Established concurrently with the Ocala National Forest in 1908, Choctawhatchee National Forest protected a vast swath of old growth longleaf pine forest.
In 1940, sensing the likelihood America would join the war against the Nazis, the Federal Government transferred the land to the War Department to expand an existing airfield for bomber training. Eglin Air Force Base was born.
Covering 724 square miles, it is the largest military reservation in Florida. Recreation has been a part of the base for some time, so in the late 90s the Florida Trail Association began discussions of routing the trail here.
Three sections of the Florida Trail between Crestview and DeFuniak Springs – Alaqua, Catface, and Titi – make up the Eglin East section, east of Crestview.
With scrambling through ravines, crossing crystalline waterways, standing atop ridges, and marveling at dense hardwood forests, these back-to-back pieces make a fabulous backpacking trip.
Resources for exploring the area
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While the western side of Eglin – known as the Weaver Creek section – tends to close frequently for training maneuvers, the eastern side closes less frequently and makes for one of Florida’s best backpacking trips.
Most hikers tackle it in two or three days, which fits in nicely with Eglin’s requirement that you check the PAM – Public Access Map – before hiking on base.
The PAM provides a three day forecast, so when you see these segments are clear, you’re good to go. Immediately.
Designated campsites are set 8 to 12 miles apart. Dogs are welcome.
All hikers must have a permit in advance of arriving at Eglin Air Force Base. There is a $5 day use permit or an annual permit for $20. Obtain your permit online.
If you wish to camp at a recreation area there is an additional nightly fee for that.
Before your hike, call 850-882-4164 or check the Public Access Map online to ensure the base is open: FPCON DELTA status means the base is closed to public access.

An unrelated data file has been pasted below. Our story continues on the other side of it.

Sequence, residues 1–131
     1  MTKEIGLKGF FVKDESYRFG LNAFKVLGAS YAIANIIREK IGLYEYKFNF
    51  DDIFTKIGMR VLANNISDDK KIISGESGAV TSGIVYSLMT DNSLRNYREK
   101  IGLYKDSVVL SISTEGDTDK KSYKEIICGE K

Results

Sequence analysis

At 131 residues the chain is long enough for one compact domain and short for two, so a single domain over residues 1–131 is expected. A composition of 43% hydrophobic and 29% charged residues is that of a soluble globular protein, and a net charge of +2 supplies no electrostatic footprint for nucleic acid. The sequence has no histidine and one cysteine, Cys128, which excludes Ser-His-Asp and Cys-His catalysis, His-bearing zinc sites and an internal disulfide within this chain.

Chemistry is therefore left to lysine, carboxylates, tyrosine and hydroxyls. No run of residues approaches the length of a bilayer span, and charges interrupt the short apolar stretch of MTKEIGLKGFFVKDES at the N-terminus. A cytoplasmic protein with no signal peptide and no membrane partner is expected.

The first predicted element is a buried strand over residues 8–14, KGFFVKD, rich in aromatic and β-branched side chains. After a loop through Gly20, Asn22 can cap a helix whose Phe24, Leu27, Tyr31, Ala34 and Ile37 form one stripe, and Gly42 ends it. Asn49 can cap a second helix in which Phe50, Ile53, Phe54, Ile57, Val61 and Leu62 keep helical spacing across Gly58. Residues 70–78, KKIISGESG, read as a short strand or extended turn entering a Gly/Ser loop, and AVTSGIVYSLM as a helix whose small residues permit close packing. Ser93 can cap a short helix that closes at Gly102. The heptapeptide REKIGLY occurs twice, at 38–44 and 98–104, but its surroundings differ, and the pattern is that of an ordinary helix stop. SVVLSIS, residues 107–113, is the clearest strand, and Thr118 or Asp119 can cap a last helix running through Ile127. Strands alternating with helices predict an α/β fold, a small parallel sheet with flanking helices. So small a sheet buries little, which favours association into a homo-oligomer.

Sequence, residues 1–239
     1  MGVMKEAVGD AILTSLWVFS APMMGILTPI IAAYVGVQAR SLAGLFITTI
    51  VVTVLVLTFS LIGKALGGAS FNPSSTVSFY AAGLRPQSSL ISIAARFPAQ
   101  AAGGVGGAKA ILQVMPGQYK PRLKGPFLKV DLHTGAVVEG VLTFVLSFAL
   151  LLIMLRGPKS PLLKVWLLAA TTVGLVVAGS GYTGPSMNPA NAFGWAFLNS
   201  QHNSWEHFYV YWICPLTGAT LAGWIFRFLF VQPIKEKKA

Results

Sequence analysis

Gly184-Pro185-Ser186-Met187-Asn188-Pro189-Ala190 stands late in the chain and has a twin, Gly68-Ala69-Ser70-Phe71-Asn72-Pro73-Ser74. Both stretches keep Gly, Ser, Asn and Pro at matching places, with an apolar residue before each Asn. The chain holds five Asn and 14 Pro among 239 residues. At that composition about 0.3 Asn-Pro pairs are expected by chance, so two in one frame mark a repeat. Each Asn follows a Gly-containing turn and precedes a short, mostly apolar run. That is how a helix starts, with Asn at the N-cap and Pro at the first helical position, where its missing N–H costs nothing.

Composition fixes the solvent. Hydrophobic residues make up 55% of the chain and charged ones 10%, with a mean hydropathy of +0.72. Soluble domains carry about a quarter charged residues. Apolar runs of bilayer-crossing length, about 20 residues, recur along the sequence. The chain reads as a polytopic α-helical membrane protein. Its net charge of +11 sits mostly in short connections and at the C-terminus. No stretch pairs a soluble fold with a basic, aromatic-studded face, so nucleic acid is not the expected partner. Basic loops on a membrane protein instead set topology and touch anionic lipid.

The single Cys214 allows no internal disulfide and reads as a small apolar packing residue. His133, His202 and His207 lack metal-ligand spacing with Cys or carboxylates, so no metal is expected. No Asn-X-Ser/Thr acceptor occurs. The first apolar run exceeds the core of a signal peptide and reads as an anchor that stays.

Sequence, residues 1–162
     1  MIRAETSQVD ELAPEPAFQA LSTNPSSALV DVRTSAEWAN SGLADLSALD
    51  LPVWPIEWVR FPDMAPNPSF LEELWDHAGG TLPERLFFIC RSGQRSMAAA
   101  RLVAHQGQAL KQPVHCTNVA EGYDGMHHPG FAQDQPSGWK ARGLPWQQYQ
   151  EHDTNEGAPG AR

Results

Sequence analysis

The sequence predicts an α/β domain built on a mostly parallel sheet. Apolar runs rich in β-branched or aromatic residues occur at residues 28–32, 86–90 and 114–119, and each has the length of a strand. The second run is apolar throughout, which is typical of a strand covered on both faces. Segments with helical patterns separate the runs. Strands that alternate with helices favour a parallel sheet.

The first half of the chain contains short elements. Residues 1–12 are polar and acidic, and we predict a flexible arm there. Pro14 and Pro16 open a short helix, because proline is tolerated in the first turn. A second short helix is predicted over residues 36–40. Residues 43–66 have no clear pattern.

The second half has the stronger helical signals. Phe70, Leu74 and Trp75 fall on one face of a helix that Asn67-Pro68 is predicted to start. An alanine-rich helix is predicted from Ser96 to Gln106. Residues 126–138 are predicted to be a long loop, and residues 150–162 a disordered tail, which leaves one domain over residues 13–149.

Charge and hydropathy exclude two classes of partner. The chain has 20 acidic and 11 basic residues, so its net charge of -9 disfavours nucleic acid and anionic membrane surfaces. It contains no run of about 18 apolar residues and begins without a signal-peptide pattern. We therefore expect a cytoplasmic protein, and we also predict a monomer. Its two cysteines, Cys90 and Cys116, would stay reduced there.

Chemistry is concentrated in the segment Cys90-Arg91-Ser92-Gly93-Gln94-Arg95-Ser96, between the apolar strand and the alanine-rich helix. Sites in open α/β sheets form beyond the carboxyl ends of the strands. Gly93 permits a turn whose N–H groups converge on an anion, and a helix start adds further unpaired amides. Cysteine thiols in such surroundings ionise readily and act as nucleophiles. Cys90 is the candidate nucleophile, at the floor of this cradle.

Do not random camp. Hikers MUST use designated campsites. Designated campsites have benches, a fire ring, and a nearby water source. Bear bag or use a bear canister, as bears have been spotted here.
Bring earplugs, as traffic noise from Interstate 10 affects the campsites at Bull, Red Deer, and Pearl.
Wear a bright orange shirt or vest during hunting seasons. Check the Eglin iSportsman website for hunting season dates in Eglin, although you will encounter hunters outside of hunting season in a dog training area in the Catface section.
Bear bagging or use of a bear canister is recommended. Alligator sightings are infrequent, but they can be present in any body of water, mainly in the ponds and swamps.
Pay attention when you come to the edge of a creek or pond to filter. It’s always smart to scoop water up in a bag and take it elsewhere to filter.
There are so many streams through Eglin you can choose to filter multiple times a day instead of carrying water. Flowing water sources are plentiful.
In the middle of this section, you can walk 2.5N along SR 285 to reach a large Love’s Truck Stop at Interstate 10 for resupply. It has showers and hot food as well, and a Sleep Inn adjoins it.
Parking and Shuttle
It helps that this is a military base. We have heard of no reports with vandalism when cars are left for multiple days while backpacking, nor have we experienced it ourselves.
If you need assistance with a shuttle, join the Florida Trail Hikers Facebook group and ask for assistance. There are a number of volunteers in the area who can help. Be sure to compensate them for their gas and time.
Eglin Air Force Base is an active military base. Even when the trail is open, you’ll hear both low-flying military aircraft and sounds like thunder but are actually test bombings.
Eglin is the biggest bombing range in the United States. That being the case, you must stick to the footpath and not stray far off it, because unexploded ordinance dating back to World War II is still lurking in these forests.
If you notice any sort of ordinance – rocket, bomb, hand grenade – do not approach it but note the location and call Eglin Security Forces at 850-882-2502 to report it.
All of the mileages below start with mile 0 at Eglin Portal trailhead and end with mile 41 at Pearl trailhead. Mileages below are calculated from the Florida Trail App.
0.0 – Eglin Portal trailhead
2.8 – Eglin Portal campsite
3.9 – Alaqua Creek
9.6 – Alaqua campsite
12.8 – Alaqua trailhead
16.5 – Bull campsite
24.5 – Red Deer campsite
26.4 – SR 285 (Mossy Head services 2.0N)
27 – Old SR 285 trailhead
28.5 – Side trail to Speck Pond Recreation Area
34.5 – JR Walton Pond Recreation Area
40.9 – Pearl campsite
41.8 – Pearl trailhead
These are the trail segments that make up the Eglin East section, south to north (compass east to west).
12.8 miles. With significant botanical beauty, rugged climbs, and nice campsites, the Alaqua section of the Florida Trail in Eglin Air Force Base is one of the most scenic parts of the trail statewide.
14.2 miles. Climbing to the highest elevations along the Florida Trail, the challenging Catface section traverses hilly terrain along the northern edge of Eglin Air Force Base.
An excellent 17 mile round-trip backpack, the Cimmaron Trail is a dead-end extension to the FNST beyond Pearl trailhead that is hoped to replace the roadwalk through Crestview in the future.